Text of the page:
- Share the reasons why you are both involved in the Community Field Experience (CFE)
- Clarify the role of the Partner organization
- Identify the organization’s needs related to that role
- Describe the project(s) planned for the CFE
- Discuss and assess the “fit” between the project and your skill sets and interests
- Establish mutual expectations for regular communication during the CFE (e.g., weekly meetings), for specific field experience goals, for project development/completion, etc.
While this does not all have to occur during the initial meeting, by ensuring clarity and a mutual understanding of these topics prior to the start of the CFE, you can help ensure the placement is considered a success to you and the Partner.
You are strongly encouraged to be open to teaching/learning possibilities that you may not have considered previously.
You must reconnect with their Community Partner no later than two weeks before the CFE starts. This reconnection helps avoid or minimize any confusion associated with any possible changes in the Community Partner’s organization or in the program expectations that may have occurred since your last communication.
Throughout all these meetings / emails, / phone calls etc., it is your responsibility to ensure that the expectations and procedures for yourself and your Partner (and your Faculty Advisor) are clear. It is recommended that you initiate weekly meetings with your Partner to maintain clear communication and to report progress throughout your placement.
Sample introductory email and request for meeting
Good morning [Host Partner Name, Formal],
My name is [Your Name] and I am a Teacher Candidate in the UBC Okanagan School of Education (OSE) who has been placed with [name of Partner organization] for my Community Field Experience (CFE).
I realize the CFE start date of [start date of CFE] is still some time away, however, I would like to make arrangements for an initial meeting with you in the next week or so, if convenient for you.
I appreciate that we are both busy but believe that a brief meeting now will greatly assist us in terms of ensuring that the time spent with [name of Partner organization] is optimized for us both. Is there a day in the next week when I could stop in to meet with you for 30 minutes? As I am in class most of the day, I am hoping to meet at, or after, 3:30 pm.
Thank-you for participating in the OSE Community Field Experience Program, I look forward to meeting you.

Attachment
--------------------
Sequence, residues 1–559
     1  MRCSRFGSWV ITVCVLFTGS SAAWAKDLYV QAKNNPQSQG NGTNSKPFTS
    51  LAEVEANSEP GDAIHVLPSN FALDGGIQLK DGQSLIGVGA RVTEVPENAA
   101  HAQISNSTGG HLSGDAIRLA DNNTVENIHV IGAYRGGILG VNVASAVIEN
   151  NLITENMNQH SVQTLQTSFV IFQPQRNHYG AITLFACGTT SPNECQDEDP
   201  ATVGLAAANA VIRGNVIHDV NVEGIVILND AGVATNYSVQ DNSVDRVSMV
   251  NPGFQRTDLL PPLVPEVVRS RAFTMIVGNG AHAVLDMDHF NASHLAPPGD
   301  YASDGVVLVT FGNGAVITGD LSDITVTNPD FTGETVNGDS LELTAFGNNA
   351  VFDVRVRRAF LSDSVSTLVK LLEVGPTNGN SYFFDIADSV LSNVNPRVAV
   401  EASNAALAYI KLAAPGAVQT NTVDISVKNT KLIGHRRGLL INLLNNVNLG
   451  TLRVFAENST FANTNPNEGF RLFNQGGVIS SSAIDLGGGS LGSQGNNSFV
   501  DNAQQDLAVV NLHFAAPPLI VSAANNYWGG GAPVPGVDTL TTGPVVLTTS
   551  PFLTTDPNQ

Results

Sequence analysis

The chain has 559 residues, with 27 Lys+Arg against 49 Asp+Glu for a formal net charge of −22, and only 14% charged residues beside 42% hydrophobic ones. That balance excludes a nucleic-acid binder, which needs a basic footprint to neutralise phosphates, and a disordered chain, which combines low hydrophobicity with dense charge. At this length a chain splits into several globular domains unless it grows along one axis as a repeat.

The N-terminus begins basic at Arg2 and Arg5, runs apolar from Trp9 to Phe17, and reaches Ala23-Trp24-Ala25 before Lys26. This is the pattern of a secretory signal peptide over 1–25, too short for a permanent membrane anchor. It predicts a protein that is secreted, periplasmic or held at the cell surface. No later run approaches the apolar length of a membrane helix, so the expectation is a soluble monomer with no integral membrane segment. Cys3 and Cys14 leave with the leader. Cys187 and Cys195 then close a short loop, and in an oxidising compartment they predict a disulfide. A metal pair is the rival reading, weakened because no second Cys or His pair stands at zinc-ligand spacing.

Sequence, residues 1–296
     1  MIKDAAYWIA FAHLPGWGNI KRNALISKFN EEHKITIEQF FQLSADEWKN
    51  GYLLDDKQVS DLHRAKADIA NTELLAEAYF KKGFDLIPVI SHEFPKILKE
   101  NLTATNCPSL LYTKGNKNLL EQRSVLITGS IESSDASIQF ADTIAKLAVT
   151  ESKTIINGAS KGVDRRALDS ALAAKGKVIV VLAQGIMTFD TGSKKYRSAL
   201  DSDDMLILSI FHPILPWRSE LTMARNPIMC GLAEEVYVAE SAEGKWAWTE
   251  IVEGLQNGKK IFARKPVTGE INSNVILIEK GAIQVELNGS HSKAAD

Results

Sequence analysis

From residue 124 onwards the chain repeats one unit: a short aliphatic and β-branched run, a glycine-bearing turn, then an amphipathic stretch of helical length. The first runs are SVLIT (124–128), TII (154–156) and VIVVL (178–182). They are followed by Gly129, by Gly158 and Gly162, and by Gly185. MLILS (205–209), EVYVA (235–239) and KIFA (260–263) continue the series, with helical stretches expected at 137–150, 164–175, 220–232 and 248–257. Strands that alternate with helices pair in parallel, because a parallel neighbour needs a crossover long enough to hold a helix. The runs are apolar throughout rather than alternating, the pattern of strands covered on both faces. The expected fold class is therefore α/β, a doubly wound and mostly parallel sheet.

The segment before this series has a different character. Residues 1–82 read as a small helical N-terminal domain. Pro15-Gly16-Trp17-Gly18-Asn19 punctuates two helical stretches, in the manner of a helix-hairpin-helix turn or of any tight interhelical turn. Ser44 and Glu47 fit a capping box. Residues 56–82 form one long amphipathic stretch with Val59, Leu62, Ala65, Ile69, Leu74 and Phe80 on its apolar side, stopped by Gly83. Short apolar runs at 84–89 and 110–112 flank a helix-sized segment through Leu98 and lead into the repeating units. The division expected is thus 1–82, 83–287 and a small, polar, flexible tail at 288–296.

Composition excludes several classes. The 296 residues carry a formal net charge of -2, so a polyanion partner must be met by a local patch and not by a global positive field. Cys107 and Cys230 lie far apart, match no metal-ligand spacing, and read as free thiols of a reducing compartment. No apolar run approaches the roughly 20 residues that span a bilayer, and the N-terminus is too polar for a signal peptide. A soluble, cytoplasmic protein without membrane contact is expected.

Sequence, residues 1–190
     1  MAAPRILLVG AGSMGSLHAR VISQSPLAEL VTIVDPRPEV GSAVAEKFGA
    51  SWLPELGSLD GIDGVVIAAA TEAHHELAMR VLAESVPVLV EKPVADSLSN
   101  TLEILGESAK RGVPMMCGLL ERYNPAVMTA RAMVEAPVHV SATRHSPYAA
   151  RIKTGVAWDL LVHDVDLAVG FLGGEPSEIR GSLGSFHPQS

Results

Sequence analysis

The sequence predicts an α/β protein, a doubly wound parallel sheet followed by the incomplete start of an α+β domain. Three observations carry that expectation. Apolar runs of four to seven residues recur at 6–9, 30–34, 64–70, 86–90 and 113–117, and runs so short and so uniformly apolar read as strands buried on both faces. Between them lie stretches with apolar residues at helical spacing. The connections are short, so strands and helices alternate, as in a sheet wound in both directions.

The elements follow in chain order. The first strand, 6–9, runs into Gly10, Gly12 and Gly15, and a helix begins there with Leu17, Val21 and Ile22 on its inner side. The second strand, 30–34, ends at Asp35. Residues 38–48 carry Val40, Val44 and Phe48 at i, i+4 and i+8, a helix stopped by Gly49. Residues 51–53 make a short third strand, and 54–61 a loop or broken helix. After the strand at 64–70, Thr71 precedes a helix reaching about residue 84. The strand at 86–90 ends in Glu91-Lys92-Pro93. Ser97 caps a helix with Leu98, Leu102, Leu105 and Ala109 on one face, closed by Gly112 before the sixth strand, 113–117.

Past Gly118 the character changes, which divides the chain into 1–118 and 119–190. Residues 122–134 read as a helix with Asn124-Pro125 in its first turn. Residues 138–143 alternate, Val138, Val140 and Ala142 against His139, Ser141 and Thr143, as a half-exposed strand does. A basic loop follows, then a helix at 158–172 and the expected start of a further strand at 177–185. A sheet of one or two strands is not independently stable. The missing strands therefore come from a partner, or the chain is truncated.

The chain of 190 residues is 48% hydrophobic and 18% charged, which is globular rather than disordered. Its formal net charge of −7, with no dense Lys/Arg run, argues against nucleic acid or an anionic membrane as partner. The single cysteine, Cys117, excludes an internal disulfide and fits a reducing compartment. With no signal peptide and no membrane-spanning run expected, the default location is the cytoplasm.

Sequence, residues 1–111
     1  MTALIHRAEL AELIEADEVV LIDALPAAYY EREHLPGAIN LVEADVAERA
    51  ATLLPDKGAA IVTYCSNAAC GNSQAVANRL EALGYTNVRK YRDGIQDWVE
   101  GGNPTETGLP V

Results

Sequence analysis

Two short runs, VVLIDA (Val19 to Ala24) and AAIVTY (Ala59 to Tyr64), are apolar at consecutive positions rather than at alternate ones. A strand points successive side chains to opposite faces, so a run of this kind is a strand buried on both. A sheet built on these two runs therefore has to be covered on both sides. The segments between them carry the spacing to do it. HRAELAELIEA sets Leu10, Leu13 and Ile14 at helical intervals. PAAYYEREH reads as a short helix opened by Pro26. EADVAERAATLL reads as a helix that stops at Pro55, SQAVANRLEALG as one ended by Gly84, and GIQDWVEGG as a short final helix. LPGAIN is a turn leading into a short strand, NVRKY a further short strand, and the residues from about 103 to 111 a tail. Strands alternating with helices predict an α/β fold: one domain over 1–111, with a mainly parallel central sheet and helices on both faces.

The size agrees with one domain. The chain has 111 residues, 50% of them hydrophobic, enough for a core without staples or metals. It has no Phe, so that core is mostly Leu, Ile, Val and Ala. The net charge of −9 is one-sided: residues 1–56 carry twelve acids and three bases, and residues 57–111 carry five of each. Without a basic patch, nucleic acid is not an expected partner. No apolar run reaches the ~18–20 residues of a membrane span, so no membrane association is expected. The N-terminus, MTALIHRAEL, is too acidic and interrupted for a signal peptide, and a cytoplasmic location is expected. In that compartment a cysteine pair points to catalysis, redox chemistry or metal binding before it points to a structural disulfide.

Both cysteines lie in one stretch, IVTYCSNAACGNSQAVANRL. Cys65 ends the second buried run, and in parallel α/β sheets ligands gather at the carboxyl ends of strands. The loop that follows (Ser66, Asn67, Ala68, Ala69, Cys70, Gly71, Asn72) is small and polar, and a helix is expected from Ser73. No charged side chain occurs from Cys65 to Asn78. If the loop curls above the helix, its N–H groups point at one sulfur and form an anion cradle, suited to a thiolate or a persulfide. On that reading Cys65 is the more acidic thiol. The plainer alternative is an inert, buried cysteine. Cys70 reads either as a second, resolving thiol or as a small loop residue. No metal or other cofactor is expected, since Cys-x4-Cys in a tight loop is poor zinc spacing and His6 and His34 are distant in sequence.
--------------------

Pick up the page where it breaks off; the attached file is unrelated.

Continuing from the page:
Initial Meeting Topics
- Introduce yourself
- Ask Host to give you a brief description of their organization’s role in the community and compare that with your perception based on your previous experience and/or research
- Ask the Host their reasons for participating in the CFE
- Inquire about the Host’s thoughts regarding the possible project or tasks you will be working on during the CFE and about their expectations related to its completion. What are the hoped-for outcomes by the end of the CFE?
- Share your initial thoughts about your “fit” with the planned project/tasks (e.g., what are your related strengths and stretches) and your initial thoughts about the scope of the plan (e.g., does it seem realistic that it can be completed in the timeframe? Is too much or too little planned?).
- Indicate that over the next few weeks, you hope to establish their expectations regarding your daily protocol (e.g., start and end times), dress code, parking, on-site workspace, possible on-site partnerships (e.g., other staff that the Teacher Candidate will be working with), teaching/instructional opportunities or duties, possible job shadowing, etc.
The Faculty Advisors will call on each Teacher Candidate at least once during the field experience. They will be in touch at other times, by email, phone, or other online means.
The Faculty Advisor’s role is to support your self-assessment, help you recognize skills and competencies, help you identify new learning opportunities, and how to assess and strategize approaches to new challenges. The Faculty Advisor will also debrief with you following your placement.
The Community Field Experience Coordinator’s role is to be your contact and a source of reference and guidance, to celebrate accomplishments, to monitor your satisfaction and progress during the placement, and to mentor you if you are struggling to form an effective working relationship with your Community Partner.